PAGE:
Hail to the King of All Fruit!
Here’s to Your Health
I'll never forget the first time I ate a "durian." This heavenly Southeast Asian fruit has a creamy custard texture and tastes like a combination of vanilla, hazelnut, banana and a tinge of garlic. It was the most delicious thing I'd ever had in my life. In Thailand, the durian is known as "King of All Fruit."
When I first fell in love with the odd spiky fruit, I made a weekly pilgrimage to New York's Chinatown, where durians can be purchased fresh or frozen. I returned to New Jersey carrying as many durians as I could on the bus. My durian addiction amounted to eating three or four per week. A friend commented, "You are like a crackhead with those durians!"
I guess there are worse addictions to have. Durians are loaded with vitamins B, C and E and high in iron content. When I eat durian, I have to eat it early in the day because I swear it makes me too hyper if I eat it in the evening. Perhaps the high level of vitamin B is the culprit for that. Durian is also a strong blood cleanser. It helps lower cholesterol, too.
Durian contains high levels of tryptophan, an amino acid that is known to alleviate anxiety and depression. That makes sense because I certainly feel euphoric when I eat durian. Perhaps a similar high to what some claim chocolate does for them.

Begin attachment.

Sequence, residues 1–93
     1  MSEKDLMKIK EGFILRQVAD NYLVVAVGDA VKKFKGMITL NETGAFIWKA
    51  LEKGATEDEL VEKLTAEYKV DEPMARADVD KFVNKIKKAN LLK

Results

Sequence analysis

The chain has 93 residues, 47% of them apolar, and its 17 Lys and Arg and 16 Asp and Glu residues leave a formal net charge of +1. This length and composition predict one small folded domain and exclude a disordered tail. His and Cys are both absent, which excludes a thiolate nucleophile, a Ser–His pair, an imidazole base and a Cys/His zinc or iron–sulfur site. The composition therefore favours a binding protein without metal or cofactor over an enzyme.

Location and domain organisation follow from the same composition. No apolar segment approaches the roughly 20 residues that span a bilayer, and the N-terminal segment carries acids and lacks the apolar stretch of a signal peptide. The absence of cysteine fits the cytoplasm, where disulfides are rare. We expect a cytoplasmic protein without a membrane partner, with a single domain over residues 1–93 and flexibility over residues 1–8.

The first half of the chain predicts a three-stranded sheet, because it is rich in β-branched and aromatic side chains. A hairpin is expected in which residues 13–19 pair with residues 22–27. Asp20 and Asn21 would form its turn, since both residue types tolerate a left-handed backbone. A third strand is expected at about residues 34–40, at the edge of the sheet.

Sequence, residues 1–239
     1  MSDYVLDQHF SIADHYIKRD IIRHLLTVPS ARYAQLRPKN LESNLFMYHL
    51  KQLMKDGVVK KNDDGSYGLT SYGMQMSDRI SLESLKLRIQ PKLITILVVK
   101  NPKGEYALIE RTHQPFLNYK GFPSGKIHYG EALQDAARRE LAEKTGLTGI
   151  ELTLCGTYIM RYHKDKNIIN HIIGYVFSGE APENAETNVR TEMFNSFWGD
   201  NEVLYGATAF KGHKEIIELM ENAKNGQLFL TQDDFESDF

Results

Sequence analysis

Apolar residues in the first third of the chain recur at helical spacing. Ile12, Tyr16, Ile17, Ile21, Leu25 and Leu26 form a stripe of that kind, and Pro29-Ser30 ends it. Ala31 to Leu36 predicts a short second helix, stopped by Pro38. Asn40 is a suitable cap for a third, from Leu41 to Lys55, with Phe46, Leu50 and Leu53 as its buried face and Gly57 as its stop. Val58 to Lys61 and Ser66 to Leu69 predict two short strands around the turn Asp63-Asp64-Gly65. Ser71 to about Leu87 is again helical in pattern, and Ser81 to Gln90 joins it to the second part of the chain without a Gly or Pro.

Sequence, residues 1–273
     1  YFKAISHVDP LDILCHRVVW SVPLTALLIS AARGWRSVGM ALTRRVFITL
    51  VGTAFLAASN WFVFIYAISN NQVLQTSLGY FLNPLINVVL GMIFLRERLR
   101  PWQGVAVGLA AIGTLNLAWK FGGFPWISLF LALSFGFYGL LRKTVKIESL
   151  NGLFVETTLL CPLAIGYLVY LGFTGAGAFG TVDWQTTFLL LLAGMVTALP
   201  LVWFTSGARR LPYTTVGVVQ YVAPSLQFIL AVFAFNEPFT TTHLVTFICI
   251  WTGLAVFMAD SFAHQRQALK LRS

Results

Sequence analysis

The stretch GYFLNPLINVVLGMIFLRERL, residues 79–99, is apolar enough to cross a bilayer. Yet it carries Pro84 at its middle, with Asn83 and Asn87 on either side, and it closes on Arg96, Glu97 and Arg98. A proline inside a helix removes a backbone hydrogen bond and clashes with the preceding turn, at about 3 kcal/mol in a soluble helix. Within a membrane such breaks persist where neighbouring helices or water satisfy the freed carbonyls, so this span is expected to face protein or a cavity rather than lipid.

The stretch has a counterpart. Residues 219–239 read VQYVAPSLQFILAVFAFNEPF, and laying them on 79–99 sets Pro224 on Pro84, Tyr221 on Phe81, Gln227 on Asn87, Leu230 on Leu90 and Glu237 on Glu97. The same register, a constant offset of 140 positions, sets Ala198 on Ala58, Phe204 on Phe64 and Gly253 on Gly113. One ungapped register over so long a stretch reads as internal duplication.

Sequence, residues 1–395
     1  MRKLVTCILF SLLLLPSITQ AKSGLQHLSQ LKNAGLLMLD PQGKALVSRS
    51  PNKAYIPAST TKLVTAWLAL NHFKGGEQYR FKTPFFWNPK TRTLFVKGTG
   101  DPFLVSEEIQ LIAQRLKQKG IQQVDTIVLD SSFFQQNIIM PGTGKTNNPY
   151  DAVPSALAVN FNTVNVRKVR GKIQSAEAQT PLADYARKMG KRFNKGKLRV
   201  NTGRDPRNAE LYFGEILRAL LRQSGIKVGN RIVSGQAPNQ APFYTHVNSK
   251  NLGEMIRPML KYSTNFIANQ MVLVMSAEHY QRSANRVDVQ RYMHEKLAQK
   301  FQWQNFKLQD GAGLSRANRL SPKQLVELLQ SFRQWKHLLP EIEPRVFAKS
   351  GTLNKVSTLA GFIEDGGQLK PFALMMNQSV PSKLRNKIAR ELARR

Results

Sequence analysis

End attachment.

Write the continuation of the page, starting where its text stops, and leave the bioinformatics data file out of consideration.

I once dedicated an entire day to my beloved durians and ate three throughout the day – and nothing else. The fruit is a recommended source of raw fats and contains a high level of soft protein (making it a good muscle builder) so it made perfect sense that I was able to function optimally on durian alone.
I love durians so much I had a picture of one tattooed on my inner calf. So now when I go to an Asian market to get my fix, if my American accent isn't understood, I just show my tattoo and I'm sent in the right direction.
There is a downside to this amazing fruit though. Most people think it smells. Durians are banned at hotels in Singapore and many overseas airports because of the smell, which has been likened to "garbage" or "rotten eggs." My fiancé and other friends have compared the smell to that of a gas leak or turpentine.
To me and other durian lovers (whom I've only met online – I've yet to meet a durian connoisseur in person) it smells like a lovely fragrant flower. Perhaps I'm in durian denial, but what a great place to be!
For more information, contact Mary Anne Christiano at: MaryAnneChristiano@Gmail.com
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